As a guide you have to speak clearly and loudly so people can understand you. You also have to know about the topic of course. Guides also have to be patient and tolerate ignorance. Our guides were very energetic and fun. They knew about the things they talked about and they articulated well. The guides were also entertaining to listen to and they were very nice. Usually in Finland, guides aren't that entertaining and fun to listen to. The guides we had in London were quite good and they made the topics sound interesting even if they might have not been.Mikael and Jussi
5. An American tourist called Vili a "honey" and Elli a "baby" during the Globe tour. What forms of endearment are common in Britain? Are there such things in the Finnish language? Should we use them more in Finnish? Why? Why not?
Darling, honey, baby and love are common British endearment words. Usually when you went shopping or store you may get called one of those endearment words. When you call someone with endearment words you seem more polite than without those words. British people are used to use endearment words and they make sentences more kind. In Finland we are not used to words like that. If you say that kind of words in Finland some people may keep you weird. We think that it would be nice to use endearment words in Finland but Finnish people are not used to that so it's fine not to use them. It was nice to be in London and hear those words and it was nice to use them by myself.
Elmiira and Josefiina
6. Vili managed to travel without a valid ticket all day yesterday. Brits are famous for their sarcasm. What happened and do you think that could have happened in Finland?
Vili managed to travel without a valid ticket all day on Wednesday. We were going to Natural History Museum. Everybody else had their valid tickets but Vili didn't have his. We asked that could Vili travel without the ticked. The guard said that "No! You have to stay here all the day." Brits are famous for their sarcasm. We think that couldn't have happened in Finland because we think that Finnish people are not so friendly and they are not so sarcastic. Britain's unique take humor may seem baffling at first. The key to understanding British humor is knowing not to take yourself too seriously. British people are produced with world-class timing and nearly always with a deadpan delivery that will leave you wondering as whether it was indeed a joke or not. Sometimes sarcasm can be hard to spot and British people make their sarcasm difficult to pick up. Luckily sarcasm is used so often in day-to-day life.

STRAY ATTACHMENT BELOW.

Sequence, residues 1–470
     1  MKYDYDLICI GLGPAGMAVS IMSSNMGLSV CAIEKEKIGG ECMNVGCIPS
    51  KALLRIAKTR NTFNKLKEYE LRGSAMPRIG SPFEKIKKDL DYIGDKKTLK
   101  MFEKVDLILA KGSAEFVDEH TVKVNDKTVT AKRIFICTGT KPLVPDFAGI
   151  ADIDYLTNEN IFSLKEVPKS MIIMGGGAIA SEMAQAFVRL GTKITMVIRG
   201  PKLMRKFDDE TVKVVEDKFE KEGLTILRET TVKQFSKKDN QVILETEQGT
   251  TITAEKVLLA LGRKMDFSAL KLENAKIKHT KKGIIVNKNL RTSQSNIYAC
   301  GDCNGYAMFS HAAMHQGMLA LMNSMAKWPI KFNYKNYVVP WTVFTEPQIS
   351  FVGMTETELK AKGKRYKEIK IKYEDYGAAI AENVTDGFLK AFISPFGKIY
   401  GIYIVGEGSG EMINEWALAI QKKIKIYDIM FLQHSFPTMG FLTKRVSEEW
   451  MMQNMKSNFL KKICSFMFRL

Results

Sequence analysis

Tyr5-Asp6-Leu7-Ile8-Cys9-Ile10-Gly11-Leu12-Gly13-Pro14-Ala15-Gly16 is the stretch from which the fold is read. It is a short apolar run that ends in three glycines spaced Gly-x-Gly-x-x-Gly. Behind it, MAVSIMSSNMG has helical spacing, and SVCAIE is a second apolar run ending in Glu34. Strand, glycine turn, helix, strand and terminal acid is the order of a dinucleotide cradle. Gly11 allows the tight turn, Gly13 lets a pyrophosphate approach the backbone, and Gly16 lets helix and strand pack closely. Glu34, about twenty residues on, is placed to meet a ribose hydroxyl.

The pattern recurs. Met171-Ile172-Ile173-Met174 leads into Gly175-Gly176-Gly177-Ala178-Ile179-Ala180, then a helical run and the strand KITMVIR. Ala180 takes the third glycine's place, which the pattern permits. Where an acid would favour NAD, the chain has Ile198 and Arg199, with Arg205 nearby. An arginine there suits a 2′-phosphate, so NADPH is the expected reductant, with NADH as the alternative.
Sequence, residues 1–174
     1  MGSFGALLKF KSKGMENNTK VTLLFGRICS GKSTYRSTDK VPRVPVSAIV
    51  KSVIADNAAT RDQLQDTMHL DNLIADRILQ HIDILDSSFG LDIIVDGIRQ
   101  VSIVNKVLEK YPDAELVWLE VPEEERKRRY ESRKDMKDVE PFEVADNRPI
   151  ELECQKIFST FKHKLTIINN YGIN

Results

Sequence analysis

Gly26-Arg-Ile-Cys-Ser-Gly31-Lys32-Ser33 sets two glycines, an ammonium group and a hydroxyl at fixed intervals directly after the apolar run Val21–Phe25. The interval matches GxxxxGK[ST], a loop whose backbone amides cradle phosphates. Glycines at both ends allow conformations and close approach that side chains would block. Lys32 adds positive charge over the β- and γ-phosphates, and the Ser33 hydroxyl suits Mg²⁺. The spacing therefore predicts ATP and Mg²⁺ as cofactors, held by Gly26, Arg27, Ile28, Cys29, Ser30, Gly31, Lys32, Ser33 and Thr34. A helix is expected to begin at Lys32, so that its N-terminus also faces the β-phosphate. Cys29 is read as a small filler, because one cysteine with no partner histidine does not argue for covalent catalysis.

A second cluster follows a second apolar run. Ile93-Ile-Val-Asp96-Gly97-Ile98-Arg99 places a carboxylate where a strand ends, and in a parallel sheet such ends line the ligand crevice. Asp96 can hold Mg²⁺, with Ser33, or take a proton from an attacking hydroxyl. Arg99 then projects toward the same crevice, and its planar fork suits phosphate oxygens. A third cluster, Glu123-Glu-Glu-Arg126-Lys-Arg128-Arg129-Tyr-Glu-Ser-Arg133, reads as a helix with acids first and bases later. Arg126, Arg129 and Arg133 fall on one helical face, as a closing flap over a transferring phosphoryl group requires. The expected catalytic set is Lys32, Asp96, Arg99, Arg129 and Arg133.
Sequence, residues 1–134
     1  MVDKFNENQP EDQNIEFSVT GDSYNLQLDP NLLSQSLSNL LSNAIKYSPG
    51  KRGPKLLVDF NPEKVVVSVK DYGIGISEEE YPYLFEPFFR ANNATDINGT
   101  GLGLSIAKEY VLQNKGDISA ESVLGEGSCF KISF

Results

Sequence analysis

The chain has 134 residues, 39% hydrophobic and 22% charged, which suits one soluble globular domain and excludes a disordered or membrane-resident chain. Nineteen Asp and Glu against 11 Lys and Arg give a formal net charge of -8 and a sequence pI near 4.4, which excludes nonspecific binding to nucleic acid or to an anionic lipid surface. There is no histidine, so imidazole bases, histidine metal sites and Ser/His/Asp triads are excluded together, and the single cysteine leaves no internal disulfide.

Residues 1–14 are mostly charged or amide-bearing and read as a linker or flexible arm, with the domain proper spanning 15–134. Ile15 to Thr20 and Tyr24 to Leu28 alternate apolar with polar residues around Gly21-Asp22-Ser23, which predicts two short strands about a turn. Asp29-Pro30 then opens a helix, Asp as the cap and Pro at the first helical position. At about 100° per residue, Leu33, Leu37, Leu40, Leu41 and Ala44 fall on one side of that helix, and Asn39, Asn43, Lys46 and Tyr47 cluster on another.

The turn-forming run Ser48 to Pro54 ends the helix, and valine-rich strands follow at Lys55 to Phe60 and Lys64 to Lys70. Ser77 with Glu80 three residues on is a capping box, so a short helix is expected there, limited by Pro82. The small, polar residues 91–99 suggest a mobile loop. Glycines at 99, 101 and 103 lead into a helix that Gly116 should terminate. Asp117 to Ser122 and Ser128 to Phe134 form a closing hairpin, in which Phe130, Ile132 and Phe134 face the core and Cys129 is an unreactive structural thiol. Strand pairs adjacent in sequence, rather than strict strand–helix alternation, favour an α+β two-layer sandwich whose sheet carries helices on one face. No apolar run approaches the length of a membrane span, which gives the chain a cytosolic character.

Elli and Reetta
7. Language and ads
We saw a lot of ads in bus stations metro stations buses shops and really everywhere as an example there was an commercial of a KFC that said eat KFC with your family buy a family sized bucket of KFC and it was my favorite ad there because it was really nice and had the whole family involved. The ads were very demanding and really tried to get you to buy their product the ads usually tried to get the younger audience to buy their product, Some of the products really tried to use trending things like for example twerking and almost all of the ads had their Facebook and Instagram on it.